Errors & Omissions: Got carried away with words and forgot to make a clear point

Rhetoric is all very well, but let's remember what we are actually saying. This is from a comment piece published on Thursday: "Mr Cameron has a thousand domestic policies and his Big Society as a binding theme. In relation to events in the Middle East he had neither a policy let alone the international equivalent of a Big Society."

That should be either "He had neither a policy nor the international equivalent of a Big Society" or "He did not even have a policy, let alone the international equivalent of a Big Society". Either sentence will do (though they are not the same – the second emphasises the idea that a big theme is more difficult to construct than a mere policy). But the important thing is to choose one and stick to it.

Keep it simple: "Even today, there is a 20-mile 'exclusion zone' around the Chernobyl power plant where inhabitation is prohibited," said a news story on Monday.

One feels that the word "inhabitation" ought to exist. After all, the verb is "inhabit", and the people who do it are inhabitants. But, oddly perhaps, the abstract noun is still "habitation".

Why not avoid the whole problem – and get rid of that bureaucratic "exclusion zone" at the same time? Better to write: "Even today, people are not allowed to live within 20 miles of the Chernobyl power plant."

Favourite film: Our Tuesday news report about the Oscars said that The King's Speech "justified heavy favouritism to carry off four Academy Awards". I don't think the writer meant to say that the film benefited from an unfair advantage because of a personal relationship with those in a position to advance its fortunes. But that is what favouritism is – and, by definition, it could never be justified.

All that was meant was that the film had been a favourite in a betting sense. Most people imagined it would win. I don't think there is a name for the quality of being in that position; perhaps there should be, but it isn't "favouritism".

Deny everything: I know newspaper style pedants go on and on about "refute", but it is important. It is always important that readers know when the newspaper is reporting facts or statements by other people, and when it is making value judgements. An interview published on Monday began: "When a man the world takes to be ambitious writes a memoir flatly refuting his ambition, do we believe him?"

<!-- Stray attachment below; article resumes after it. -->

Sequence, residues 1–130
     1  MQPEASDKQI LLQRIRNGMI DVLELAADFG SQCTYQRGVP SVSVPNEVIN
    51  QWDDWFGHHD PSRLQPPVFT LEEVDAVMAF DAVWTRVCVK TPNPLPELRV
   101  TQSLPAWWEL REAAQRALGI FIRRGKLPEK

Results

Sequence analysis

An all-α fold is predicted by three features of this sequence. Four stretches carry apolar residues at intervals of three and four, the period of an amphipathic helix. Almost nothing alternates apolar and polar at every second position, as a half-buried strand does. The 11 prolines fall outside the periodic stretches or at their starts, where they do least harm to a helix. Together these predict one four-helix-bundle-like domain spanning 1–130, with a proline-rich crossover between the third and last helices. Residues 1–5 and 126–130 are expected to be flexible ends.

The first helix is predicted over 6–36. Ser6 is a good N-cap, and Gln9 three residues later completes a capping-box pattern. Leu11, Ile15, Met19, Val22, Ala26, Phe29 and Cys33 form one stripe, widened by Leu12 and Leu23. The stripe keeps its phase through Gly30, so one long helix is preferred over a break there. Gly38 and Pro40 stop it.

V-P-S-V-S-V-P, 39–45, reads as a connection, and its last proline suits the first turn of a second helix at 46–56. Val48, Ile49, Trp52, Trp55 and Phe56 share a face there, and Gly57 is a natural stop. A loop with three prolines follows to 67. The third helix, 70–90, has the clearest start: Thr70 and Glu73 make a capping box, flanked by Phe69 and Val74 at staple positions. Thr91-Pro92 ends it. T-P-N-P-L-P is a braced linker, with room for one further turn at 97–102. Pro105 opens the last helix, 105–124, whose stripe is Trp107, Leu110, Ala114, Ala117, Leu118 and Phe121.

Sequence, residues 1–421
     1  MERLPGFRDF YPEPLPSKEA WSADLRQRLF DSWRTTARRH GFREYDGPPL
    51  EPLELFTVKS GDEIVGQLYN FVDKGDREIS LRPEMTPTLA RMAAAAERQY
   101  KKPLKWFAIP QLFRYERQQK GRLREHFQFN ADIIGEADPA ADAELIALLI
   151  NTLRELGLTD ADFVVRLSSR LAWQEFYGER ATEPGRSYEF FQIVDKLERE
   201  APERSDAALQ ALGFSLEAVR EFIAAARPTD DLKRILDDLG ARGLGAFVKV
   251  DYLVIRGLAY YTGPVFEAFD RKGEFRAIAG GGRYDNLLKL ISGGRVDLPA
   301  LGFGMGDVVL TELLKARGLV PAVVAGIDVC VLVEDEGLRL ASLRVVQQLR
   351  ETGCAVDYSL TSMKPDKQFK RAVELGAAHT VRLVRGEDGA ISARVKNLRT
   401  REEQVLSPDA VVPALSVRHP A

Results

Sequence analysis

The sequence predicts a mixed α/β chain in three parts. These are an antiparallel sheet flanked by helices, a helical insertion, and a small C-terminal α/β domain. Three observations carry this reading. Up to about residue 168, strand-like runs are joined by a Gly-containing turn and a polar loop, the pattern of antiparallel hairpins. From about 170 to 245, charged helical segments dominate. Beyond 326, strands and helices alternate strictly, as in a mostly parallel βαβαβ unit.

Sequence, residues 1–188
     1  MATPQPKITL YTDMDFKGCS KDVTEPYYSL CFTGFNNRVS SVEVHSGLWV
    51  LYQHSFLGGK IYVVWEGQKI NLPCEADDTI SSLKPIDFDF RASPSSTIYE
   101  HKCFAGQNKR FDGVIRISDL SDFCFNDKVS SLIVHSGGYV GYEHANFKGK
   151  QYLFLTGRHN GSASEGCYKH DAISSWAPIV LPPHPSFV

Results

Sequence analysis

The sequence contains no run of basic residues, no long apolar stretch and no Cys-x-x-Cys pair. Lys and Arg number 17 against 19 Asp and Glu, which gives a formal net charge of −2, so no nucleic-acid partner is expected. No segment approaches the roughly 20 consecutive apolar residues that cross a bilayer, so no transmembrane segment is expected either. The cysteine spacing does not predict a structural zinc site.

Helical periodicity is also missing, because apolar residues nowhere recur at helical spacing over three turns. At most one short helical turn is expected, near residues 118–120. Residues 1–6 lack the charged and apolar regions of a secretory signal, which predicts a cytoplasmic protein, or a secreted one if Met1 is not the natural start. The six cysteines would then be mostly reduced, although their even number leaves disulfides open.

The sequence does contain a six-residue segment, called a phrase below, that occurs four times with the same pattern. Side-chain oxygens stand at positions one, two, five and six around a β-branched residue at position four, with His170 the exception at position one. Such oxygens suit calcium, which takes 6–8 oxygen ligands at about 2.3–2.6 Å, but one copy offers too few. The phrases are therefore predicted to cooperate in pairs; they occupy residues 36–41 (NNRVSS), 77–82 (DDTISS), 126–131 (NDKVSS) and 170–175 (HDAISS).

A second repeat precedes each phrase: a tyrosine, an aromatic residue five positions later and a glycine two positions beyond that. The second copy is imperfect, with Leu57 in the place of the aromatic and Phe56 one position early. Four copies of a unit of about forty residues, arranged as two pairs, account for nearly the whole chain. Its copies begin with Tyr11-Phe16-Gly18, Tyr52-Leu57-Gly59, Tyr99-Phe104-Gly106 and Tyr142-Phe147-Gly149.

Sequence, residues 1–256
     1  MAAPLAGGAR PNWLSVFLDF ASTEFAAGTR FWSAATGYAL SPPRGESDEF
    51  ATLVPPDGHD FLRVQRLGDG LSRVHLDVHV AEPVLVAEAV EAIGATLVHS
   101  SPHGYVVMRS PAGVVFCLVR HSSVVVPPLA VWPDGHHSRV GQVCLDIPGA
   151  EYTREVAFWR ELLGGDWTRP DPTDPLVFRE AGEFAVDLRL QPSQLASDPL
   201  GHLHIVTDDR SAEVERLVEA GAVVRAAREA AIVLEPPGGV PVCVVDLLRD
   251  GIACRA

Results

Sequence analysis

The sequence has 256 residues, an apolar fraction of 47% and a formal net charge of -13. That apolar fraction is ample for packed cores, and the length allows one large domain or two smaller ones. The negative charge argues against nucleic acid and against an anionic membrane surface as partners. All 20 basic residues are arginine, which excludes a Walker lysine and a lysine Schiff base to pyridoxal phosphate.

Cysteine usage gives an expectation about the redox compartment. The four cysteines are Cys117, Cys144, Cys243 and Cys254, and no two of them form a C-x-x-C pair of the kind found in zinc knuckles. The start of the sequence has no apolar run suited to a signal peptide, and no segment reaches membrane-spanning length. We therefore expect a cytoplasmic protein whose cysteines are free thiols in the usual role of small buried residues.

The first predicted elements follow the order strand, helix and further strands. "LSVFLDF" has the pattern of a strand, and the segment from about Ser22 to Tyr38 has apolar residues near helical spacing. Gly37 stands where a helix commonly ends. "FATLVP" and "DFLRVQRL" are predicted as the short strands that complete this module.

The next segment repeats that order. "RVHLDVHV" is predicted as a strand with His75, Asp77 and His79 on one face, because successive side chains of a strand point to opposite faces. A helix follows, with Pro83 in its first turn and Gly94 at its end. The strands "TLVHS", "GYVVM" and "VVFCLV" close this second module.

"Flatly denying" would be much better, on two grounds. "Deny" means simply to state that something is wrong. "Refute" goes further: it means to prove a proposition wrong, or to defeat it in argument. It follows that a refutation cannot be "flat"; to refute involves the elaboration of a case.

And further, "refute" implies that the case was made, that the antagonist has indeed been proved wrong. So when we use "refute" we are not merely reporting what the speaker has said; we are taking their side, stating that they won the argument.

And something more follows from that. In the passage above, the use of "refute" turns the question "Do we believe him?" into nonsense. Of course we do: if we didn't believe him we wouldn't assert that he had refuted the accusation against him, merely that he had denied it.

Cliché of the week: "You might be forgiven a sense of déjà vu. It is only 13 months since the original iPad was presented by the man in the black turtle-neck." So said a story on Thursday about the launch of the new iPad 2 by Steve Jobs, the Apple boss.

This "sense of déjà vu" keeps popping up, nearly always in the wrong context. Déjà vu is a psychological phenomenon in which you think that you have already experienced what you are experiencing now. After a few moments the feeling passes, and you realise it was an illusion. The people attending the launch of the iPad 2 had the feeling that they had experienced something similar in the past – for the very good reason that they really had. That was not déjà vu; it was just memory.

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